In the case of a wide operating margin, control is exercised to increase the frequency, thereby allowing a circuit which is supplied with the output clock signal to operate with higher efficiency than required. In the case of a small operating margin, control is exercised to decrease the frequency, thereby preventing the occurrence of malfunctions in a circuit supplied with the output clock signal.

A third clock generation system according to the present invention includes a multiplier circuit including a ring oscillator and a control circuit; and a frequency divider circuit. The ring oscillator includes a delay element and a logic gate, and outputs an output clock signal from the logic gate. A delay amount of the delay element is controlled based on a digital value. The logic gate performs a logical operation upon an output of the delay element. The control circuit controls an operation of the logic gate and the digital value on the basis of a phase difference between the output of the delay element and a reference clock signal. The frequency divider circuit frequency-divides the output clock signal. Either or both of a division ratio in the frequency divider circuit and a multiplication ratio in the multiplier circuit are controlled based on the digital value.

In the case of a wide operating margin, control is exercised to increase the frequency, thereby allowing a circuit which is supplied with the output clock signal to operate with higher efficiency than required. In the case of a small operating margin, control is exercised to decrease the frequency, thereby preventing the occurrence of malfunctions in a circuit supplied with the output clock signal.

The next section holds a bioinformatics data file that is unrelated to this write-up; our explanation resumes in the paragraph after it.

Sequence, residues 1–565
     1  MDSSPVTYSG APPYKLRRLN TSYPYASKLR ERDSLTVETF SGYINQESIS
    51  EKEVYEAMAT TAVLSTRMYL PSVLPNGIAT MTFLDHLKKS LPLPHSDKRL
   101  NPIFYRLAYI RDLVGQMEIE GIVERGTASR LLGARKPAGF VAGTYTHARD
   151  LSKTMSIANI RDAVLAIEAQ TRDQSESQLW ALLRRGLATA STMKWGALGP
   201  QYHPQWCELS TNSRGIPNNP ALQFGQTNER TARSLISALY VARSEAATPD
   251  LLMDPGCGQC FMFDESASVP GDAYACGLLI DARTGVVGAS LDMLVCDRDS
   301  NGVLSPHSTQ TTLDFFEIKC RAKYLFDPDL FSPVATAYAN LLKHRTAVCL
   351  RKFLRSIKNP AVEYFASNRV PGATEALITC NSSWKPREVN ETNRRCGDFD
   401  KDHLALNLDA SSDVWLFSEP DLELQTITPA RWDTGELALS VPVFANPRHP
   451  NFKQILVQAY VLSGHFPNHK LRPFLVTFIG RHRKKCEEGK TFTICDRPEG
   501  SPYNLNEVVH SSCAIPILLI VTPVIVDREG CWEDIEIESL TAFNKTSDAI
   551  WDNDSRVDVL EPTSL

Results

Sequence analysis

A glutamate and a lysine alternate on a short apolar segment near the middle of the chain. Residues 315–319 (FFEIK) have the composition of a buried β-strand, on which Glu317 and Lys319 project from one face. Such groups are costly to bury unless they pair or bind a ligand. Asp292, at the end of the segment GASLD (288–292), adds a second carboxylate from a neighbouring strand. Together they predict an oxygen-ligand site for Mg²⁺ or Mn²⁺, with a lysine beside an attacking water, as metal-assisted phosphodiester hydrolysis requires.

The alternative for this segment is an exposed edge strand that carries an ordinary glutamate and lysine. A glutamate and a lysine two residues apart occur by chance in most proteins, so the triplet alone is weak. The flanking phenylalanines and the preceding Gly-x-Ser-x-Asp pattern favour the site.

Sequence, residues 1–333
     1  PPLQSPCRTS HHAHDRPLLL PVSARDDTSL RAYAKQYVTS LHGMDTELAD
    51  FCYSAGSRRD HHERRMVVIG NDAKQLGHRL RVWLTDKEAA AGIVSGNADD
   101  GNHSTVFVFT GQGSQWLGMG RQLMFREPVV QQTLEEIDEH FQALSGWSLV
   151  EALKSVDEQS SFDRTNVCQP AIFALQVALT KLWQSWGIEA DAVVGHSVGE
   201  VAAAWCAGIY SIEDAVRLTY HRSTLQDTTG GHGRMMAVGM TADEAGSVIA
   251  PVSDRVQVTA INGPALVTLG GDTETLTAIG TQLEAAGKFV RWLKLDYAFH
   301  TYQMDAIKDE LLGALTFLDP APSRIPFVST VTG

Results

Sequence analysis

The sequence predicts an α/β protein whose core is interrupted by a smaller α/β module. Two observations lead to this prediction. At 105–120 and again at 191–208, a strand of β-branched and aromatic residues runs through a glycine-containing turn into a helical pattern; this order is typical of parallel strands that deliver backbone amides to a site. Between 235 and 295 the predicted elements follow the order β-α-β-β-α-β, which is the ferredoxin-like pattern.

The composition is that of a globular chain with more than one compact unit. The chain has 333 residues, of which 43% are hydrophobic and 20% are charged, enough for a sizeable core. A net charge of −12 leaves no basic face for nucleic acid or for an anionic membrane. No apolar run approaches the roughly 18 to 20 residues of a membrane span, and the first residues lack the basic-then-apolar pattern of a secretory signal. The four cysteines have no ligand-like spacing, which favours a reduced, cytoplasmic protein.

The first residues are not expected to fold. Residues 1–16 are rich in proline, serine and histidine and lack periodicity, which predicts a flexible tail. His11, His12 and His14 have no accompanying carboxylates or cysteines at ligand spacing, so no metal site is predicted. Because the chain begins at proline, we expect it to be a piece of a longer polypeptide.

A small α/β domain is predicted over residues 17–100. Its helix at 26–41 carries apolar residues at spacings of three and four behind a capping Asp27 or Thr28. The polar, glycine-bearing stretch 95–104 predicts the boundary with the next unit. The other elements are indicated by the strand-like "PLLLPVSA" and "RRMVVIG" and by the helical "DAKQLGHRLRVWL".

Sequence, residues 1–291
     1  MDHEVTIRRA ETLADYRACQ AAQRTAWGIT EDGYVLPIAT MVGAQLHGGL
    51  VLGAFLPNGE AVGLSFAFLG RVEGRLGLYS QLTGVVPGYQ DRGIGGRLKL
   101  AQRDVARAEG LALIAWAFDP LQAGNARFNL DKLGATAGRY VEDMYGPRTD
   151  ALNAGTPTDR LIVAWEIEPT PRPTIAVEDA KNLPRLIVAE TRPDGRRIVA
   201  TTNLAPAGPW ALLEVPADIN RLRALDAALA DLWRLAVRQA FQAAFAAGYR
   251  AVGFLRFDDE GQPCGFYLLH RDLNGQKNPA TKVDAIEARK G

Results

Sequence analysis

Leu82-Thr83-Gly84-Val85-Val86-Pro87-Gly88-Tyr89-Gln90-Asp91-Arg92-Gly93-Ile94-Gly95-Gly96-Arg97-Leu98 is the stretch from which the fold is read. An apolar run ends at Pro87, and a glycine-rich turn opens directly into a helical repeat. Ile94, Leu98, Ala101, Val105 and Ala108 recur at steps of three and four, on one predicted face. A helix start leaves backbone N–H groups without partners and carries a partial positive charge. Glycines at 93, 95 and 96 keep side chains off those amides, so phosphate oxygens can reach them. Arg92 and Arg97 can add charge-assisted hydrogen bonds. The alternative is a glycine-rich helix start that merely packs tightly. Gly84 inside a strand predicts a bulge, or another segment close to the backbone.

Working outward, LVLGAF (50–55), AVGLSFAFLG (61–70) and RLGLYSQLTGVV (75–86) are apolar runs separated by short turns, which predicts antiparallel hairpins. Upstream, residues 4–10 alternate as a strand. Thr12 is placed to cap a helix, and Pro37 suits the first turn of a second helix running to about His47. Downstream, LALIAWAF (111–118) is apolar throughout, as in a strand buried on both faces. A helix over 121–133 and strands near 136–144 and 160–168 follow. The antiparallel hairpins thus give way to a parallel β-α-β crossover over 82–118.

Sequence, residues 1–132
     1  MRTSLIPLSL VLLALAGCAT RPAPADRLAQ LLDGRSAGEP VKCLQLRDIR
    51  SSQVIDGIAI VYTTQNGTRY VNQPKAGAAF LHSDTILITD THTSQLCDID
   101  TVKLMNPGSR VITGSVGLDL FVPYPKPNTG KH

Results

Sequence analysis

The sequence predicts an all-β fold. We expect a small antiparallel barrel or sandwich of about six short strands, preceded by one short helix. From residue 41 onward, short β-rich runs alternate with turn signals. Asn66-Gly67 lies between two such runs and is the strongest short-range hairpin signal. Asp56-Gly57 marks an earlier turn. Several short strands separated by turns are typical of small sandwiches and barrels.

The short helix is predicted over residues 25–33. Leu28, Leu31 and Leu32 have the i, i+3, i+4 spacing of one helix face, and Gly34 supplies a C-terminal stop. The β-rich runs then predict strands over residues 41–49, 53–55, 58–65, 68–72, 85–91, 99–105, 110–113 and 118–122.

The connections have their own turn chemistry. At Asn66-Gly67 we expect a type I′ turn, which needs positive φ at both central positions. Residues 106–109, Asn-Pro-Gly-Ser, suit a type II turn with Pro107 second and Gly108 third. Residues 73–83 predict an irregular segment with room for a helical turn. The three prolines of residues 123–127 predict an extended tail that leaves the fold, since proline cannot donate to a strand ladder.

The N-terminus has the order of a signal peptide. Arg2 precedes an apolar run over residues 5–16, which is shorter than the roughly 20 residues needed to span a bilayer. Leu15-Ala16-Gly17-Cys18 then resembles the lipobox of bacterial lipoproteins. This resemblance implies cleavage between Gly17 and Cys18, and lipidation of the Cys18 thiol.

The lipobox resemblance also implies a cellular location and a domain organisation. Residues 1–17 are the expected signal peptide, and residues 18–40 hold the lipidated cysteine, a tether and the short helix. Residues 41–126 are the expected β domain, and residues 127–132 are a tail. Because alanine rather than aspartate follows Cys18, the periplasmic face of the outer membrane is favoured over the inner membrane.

A fourth clock generation system according to the present invention includes a clock generation circuit and a power supplier. The clock generation circuit includes a voltage-controlled oscillator, a phase comparator, and a loop filter. An oscillation frequency in the voltage-controlled oscillator is controlled based on a control voltage. The phase comparator compares phases of a reference clock signal and a frequency-divided clock which is obtained by frequency-dividing an output of the voltage-controlled oscillator. The loop filter outputs the control voltage on the basis of an output of the phase comparator. The power supplier supplies operating power to the clock generation circuit. A parameter of the operating power is controlled based on a value of the control voltage.

By determining and storing an appropriate parameter of power supply for a semiconductor integrated circuit during manufacturing test, even if there exists an individual difference depending on variations in the manufacture of semiconductor integrated circuits, a subsequent power supply can be made with an appropriate parameter for individual semiconductor integrated circuits. Also, it is easy, by using the parameter, to classify the products according to the performance of the semiconductor integrated circuit.

A fifth clock generation system according to the present invention includes a clock generation circuit. The clock generation circuit includes a voltage-controlled oscillator, a phase comparator, and a loop filter. An oscillation frequency in the voltage-controlled oscillator is controlled based on a control voltage. The phase comparator compares phases of a reference clock signal and a frequency-divided clock which is obtained by frequency-dividing an output of the voltage-controlled oscillator. The loop filter outputs the control voltage on the basis of an output of the phase comparator. The clock generation system generates an output clock signal having a frequency which is controlled based on the control voltage.

In the case of a wide operating margin, control is exercised to increase the frequency, thereby allowing a circuit which is supplied with the output clock to operate with higher efficiency than required. In the case of a small operating margin, control is exercised to decrease the frequency, thereby preventing the occurrence of malfunctions in a circuit supplied with the output clock.